New York Times; Published May 17, 2008
Dick Netzer, 79, Municipal Finance Expert, Dies
By BRUCE WEBER
Dick Netzer, an economist who advised mayors of New York City and governors of New York State and served on the first board of the Municipal Assistance Corporation, which pried New York City out of bankruptcy in the 1970s, died on May 7 in Manhattan. He was 79 and lived in Brooklyn and in East Hampton, N.Y. His death came after a long illness, his wife, Carol, said. Mr. Netzer, who spent much of his career at New York University and became dean of its Graduate School of Public Administration (now the Robert F. Wagner Graduate School of Public Service), was an expert in public finance, especially as it pertains to state and local government.
Netzer wrote widely and voluminously on the arcana of how people are, should and should not be taxed and how the government should, should not and does spend the money. In the 1950s he wrote about tolls, toll roads and highway finance. In the 1960s he wrote a comprehensive analysis of property tax. In the 1970s, his book about public support of the arts, “The Subsidized Muse” (Cambridge University Press, 1978), argued that government arts financing was generally a good thing but needed to be applied prudently, that money simply flung at arts organizations was both fiscally and culturally irresponsible.
He served, in the late 1960s, as an adviser to Mayor John V. Lindsay, in the 1970s, to Mayor Abraham D. Beame and Gov. Hugh L. Carey, and in the 1980s, to Gov. Mario M. Cuomo. And in June 1975, when the financier Felix Rohatyn and others recommended that the State Legislature create the Municipal Assistance Corporation, an agency with the power to issue bonds backed by portions of the city sales tax, Mr. Netzer joined the board, his deep academic background providing a fiscally conservative anchor. He remained until 1995.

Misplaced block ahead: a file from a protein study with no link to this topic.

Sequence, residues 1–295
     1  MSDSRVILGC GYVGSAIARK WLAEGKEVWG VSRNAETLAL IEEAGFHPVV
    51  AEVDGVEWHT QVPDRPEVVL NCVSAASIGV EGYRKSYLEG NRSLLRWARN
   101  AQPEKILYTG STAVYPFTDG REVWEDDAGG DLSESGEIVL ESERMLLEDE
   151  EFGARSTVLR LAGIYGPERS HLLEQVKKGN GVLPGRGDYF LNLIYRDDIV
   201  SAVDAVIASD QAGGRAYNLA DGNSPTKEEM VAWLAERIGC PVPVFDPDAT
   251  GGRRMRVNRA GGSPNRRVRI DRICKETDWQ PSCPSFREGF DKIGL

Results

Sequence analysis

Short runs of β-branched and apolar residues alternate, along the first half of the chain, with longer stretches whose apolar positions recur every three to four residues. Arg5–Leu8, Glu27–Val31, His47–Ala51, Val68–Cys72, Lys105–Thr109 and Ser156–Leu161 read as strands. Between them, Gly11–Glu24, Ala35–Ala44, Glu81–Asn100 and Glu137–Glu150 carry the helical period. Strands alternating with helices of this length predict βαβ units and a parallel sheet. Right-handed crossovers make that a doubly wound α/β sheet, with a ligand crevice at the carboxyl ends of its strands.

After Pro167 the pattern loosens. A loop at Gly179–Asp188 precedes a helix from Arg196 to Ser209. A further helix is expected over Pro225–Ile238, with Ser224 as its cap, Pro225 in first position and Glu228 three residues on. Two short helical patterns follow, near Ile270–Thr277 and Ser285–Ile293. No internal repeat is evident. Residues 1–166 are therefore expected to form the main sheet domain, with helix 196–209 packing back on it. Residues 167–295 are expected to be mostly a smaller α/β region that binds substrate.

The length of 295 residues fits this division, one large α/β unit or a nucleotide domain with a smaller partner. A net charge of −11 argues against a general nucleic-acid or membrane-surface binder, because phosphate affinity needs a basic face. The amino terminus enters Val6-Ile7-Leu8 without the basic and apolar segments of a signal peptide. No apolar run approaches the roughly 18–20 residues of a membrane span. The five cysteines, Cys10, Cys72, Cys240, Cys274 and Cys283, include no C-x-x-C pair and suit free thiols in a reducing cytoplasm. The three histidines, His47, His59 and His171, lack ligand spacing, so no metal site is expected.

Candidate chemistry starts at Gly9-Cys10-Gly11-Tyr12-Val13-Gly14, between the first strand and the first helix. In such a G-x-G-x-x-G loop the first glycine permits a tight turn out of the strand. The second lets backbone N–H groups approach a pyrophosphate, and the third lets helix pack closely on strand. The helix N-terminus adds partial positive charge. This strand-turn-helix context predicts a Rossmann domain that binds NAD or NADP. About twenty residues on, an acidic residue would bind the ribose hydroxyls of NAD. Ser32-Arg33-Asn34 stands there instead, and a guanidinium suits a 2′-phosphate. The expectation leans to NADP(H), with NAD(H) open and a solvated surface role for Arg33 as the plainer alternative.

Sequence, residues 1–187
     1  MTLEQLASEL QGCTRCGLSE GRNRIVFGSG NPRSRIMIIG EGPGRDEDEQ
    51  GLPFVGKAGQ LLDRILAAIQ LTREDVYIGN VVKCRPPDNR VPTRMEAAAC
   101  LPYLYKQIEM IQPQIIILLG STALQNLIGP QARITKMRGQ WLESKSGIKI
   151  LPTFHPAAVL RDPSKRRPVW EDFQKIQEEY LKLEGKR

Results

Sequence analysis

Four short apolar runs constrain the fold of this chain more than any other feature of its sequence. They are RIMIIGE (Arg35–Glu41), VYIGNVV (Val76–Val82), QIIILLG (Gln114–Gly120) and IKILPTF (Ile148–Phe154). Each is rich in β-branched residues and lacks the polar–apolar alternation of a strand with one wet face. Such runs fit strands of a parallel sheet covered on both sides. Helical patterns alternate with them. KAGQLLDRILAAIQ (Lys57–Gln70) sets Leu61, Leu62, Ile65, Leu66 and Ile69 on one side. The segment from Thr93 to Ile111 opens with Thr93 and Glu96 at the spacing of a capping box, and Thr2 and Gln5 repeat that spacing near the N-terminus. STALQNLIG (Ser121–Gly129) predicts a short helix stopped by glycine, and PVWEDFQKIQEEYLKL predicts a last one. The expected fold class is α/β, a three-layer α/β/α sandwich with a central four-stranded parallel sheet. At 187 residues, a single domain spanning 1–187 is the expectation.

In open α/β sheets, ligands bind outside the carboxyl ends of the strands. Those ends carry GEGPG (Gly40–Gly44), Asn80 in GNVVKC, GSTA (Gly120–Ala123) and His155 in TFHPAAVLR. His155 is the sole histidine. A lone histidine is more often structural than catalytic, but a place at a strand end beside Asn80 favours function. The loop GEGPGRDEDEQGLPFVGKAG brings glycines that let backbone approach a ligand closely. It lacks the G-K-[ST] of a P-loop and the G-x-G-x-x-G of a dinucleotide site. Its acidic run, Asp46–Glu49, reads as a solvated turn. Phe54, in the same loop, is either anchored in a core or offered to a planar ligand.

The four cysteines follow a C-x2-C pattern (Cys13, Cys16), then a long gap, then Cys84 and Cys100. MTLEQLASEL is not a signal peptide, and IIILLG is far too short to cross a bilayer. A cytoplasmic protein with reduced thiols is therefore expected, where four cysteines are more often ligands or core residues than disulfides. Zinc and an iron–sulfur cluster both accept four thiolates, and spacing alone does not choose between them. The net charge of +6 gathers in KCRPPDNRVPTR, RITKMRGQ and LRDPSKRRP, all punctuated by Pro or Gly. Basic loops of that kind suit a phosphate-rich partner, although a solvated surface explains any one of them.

“He provided continuity and perspective and placed the crisis in terms of both the city and state’s long term financial evolution,” said Peter Goldmark, who was the state budget director at the time. “The thing about Dick is that he was a continuing iconic figure. When I first went to work with Mayor Lindsay, Dick Netzer was a god. He was the guy we all looked up to. And he was still that guy in 1985 and 1990.”
Dick Netzer, who was named for his mother, Sue Dick, was born in Brooklyn on May 14, 1928. His father, Solomon, was a doctor who specialized in the treatment of tuberculosis. He attended New York City public schools and the University of Wisconsin and earned a Ph.D. in economics from Harvard. He served stateside in the Army during the Korean War. In addition to his wife, he is survived by a sister, Ellen Lane of Los Angeles; two daughters, Jenny Netzer, of Cambridge, Mass., and Katherine M. Bunger of Newtown, Conn.; and six grandsons.
In recalling the fiscal crisis of 1975, Dall W. Forsythe, a professor at the Wagner school who was the state budget director from 1988 to 1991 under Governor Cuomo, said that “Dick was horrified at what the city had done, and he was absolutely delighted to be part of the solution.” Now on the Municipal Assistance Corporation board himself, Mr. Forsythe said that the last of the bonds it issued are to be paid off next month, and that the agency will be dissolved, essentially having succeeded itself out of existence.
“The city now has a double-A credit rating,” Mr. Forsythe said. “It’s a great success story. It’s too bad Dick didn’t make it another month and a half. He could have come to the closing party.”
Regional Science Association International